Today a few young people go the whole 350 miles, as Hill did. With lightweight equipment and the water level sufficiently high, they make it in much less time. But for them, running the canyons is not so much a wilderness experience as a test, an athletic event.
You can also travel a stretch of the river in something close to case, pausing at the best swimming holes, stopping for the night at 3 p.m. if you come to an irresistible campsite. The Rio Grande, whose current moves at two or three miles per hour, will do more of the work for you if you hurry less. There may be an occasional piece of litter in the form of a Spam can or a wrecked canoe, but you can sometimes float for hours and see no sign that anyone has ever been there before you.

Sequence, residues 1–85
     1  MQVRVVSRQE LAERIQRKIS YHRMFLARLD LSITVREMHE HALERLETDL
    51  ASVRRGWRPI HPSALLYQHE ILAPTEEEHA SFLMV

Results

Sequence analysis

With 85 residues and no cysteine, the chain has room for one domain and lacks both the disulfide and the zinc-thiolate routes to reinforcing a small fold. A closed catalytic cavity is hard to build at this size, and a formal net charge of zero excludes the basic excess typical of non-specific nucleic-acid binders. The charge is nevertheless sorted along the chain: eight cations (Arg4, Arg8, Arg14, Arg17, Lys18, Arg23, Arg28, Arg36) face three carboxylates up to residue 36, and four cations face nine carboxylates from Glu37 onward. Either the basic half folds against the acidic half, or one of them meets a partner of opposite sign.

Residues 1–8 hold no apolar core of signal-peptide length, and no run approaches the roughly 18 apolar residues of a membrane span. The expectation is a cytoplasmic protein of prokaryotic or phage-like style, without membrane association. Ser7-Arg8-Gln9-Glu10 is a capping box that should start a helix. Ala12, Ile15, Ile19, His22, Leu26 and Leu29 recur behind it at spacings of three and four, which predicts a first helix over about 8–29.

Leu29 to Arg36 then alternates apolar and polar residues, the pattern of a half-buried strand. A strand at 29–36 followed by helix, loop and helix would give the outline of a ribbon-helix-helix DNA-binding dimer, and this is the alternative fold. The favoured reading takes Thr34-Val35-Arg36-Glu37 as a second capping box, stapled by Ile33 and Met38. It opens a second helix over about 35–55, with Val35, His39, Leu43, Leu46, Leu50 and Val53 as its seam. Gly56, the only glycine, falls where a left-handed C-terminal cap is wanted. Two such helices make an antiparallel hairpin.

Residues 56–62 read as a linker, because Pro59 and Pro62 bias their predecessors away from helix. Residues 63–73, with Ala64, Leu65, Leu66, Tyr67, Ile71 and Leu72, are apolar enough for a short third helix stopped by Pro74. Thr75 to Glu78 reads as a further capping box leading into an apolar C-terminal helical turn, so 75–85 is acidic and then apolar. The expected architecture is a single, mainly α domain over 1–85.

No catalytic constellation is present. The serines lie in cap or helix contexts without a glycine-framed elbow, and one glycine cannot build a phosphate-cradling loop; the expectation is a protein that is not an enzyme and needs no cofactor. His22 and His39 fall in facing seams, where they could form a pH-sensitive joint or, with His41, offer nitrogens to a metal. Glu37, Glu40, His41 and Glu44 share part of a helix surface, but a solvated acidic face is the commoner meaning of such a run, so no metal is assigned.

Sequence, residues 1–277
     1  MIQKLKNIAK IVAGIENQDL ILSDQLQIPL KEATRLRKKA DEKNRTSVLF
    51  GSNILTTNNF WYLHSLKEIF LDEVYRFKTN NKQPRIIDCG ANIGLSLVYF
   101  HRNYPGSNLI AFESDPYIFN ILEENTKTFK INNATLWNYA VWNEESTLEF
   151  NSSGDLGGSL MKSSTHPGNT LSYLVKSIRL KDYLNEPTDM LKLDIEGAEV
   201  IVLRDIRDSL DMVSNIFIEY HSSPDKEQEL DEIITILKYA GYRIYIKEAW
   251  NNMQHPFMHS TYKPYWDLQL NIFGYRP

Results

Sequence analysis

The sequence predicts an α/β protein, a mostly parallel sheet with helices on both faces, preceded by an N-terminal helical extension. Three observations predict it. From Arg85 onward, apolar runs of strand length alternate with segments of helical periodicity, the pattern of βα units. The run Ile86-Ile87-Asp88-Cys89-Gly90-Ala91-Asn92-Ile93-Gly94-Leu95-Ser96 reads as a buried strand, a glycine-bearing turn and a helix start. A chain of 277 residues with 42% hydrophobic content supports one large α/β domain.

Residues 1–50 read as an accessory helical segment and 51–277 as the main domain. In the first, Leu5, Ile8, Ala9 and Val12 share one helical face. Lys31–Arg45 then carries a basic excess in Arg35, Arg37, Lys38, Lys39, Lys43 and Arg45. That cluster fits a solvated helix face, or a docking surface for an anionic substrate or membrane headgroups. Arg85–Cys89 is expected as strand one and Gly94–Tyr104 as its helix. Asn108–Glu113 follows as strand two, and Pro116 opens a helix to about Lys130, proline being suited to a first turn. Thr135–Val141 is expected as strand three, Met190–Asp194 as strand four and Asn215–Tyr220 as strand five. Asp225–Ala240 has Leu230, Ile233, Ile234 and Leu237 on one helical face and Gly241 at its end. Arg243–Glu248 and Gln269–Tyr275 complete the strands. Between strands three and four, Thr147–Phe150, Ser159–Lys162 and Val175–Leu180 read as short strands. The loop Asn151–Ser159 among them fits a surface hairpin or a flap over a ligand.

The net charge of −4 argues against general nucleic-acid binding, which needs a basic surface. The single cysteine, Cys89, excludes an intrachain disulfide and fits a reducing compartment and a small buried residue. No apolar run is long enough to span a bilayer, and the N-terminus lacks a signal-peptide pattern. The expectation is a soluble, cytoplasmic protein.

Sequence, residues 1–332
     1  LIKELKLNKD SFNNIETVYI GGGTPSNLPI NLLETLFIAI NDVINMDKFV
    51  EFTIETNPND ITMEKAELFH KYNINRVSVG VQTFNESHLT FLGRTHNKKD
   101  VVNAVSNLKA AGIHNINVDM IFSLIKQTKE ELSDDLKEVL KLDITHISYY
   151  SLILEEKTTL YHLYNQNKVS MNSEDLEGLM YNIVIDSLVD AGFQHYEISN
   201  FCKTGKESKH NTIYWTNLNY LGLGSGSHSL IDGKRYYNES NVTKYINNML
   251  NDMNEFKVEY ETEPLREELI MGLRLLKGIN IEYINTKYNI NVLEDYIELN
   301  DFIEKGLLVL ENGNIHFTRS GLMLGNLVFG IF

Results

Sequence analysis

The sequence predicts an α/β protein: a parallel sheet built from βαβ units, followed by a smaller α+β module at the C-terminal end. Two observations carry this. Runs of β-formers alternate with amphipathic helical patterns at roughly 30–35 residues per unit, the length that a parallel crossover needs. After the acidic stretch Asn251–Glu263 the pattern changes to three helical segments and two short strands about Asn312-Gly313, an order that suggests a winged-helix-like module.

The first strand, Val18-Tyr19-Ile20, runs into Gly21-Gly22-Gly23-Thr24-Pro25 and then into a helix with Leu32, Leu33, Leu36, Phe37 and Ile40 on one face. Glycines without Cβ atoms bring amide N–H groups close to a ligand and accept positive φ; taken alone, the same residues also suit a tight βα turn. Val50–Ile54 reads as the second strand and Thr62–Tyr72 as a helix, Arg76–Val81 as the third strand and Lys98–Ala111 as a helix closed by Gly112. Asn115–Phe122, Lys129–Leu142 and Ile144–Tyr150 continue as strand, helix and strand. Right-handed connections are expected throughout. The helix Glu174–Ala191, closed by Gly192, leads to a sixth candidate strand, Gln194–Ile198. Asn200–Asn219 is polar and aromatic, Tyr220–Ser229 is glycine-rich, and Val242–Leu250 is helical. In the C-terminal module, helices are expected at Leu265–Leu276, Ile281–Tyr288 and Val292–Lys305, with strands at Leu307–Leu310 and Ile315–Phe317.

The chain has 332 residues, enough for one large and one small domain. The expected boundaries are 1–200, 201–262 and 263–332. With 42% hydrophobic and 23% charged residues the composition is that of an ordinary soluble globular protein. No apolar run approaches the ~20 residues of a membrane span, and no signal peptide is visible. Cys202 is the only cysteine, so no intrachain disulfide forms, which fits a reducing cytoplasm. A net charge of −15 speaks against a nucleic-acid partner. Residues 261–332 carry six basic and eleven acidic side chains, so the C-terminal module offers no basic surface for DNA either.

With the price of gasoline what it is. public use of the lower canyon region of Big Bend National Park has fallen off It is removed from anywhere—about 600 miles from Houston, 400 from San Antonio. And it is one of the biggest, and least visited, of all our 48 national parks. The number of visitors has declined by one-half since 1976, although the length of the visits has increased. So while the campsites are still well used, there's less traffic on the river than there used to be. Geologically, the canyons keep aging, of course-the river cuts deeper, the rocks erode. But ecologically, so to speak, the canyons are shifting ever so slightly back in time, back toward what they were in 1899 when Hill's intrepid and ill-assorted party ventured forth.